The important practice within the tattoo community of artists visiting both interstate and o.s, facilitates the conferencing and sharing of knowledge, which in an industry with no current accreditation available, remains the most important element of internal growth as well as promoting the high level of practice professional tattooists pride themselves on.

An array of other problems continue to plague the industry since the introduction of these schemes, from the fast decline of available Insurance policies for businesses right through to the increase in the sales of untested and unregulated tattoo supplies being bought by the public and amature licensed tattooists who are not recognised by professional supply companies. Alarmingly, non accredited online tattoo schools are now also appearing, offering quasi courses for large fee's to the unsuspecting public and in reality doing nothing more than promoting backyard operators.

These restrictive provisions and the ongoing process of corrosion to the industry as a direct consequence of the regimes in use has left professional tattooists with a sense of desperation.

In response to the implementation of the Tattoo Parlour Bill 2012 a small group of professional tattooists founded the Australian Tattooists Guild. The ATG launched nationally in 2014 with the aim of uniting and supporting professional tattooists, whilst also providing through the Guild’s structure a professional set of standards for members to uphold. The response from the professional tattooing community was overwhelming and saw the organisation quickly become a force to be reckoned with.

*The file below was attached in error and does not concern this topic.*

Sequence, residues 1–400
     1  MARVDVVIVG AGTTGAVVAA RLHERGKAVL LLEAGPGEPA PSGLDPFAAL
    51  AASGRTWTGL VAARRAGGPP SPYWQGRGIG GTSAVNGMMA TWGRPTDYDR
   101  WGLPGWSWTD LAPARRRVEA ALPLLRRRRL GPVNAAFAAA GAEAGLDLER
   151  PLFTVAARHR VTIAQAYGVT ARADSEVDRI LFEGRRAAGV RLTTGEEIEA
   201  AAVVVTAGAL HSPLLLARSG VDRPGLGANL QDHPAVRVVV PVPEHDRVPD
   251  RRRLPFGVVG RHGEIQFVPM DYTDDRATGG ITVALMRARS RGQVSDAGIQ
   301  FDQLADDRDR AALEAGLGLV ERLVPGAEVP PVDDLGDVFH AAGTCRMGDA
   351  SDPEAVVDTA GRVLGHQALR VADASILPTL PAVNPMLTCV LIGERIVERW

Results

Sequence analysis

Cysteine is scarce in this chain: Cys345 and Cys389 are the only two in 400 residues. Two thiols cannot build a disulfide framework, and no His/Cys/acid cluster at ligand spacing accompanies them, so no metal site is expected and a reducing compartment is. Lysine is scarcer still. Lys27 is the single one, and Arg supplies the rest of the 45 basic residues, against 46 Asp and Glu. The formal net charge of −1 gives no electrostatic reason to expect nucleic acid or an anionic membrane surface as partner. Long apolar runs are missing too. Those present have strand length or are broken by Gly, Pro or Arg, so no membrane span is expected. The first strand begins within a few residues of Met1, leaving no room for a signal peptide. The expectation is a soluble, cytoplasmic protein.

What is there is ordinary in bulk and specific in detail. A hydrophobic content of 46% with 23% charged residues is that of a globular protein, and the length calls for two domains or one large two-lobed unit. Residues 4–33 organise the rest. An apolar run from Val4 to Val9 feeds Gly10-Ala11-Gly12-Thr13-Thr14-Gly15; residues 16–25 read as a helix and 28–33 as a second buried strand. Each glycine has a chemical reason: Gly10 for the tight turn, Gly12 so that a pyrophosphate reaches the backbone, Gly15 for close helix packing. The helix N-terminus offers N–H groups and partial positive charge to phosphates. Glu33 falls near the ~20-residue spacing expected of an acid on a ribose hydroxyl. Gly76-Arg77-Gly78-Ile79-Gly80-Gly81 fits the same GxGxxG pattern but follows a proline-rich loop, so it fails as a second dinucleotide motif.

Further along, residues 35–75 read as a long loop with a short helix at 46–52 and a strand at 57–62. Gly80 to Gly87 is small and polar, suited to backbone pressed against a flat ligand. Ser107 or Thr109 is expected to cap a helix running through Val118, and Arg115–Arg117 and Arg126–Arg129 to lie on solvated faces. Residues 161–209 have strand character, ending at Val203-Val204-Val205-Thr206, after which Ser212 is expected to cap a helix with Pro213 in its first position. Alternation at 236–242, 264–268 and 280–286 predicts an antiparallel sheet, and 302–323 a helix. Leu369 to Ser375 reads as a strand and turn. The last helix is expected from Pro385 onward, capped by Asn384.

An immediate response to the formation of this industry appropriate body was also seen from large numbers of professionals, academics and independent organisations.

Since its formation the group has continued to develop dialogue with government in its endeavours to ensure both its members and the interests of the broader industry are represented. It is now percived that through the work of the ATG, any further regulation and legislation of tattooing in this country will be in the best interest of both industry and the general public alike.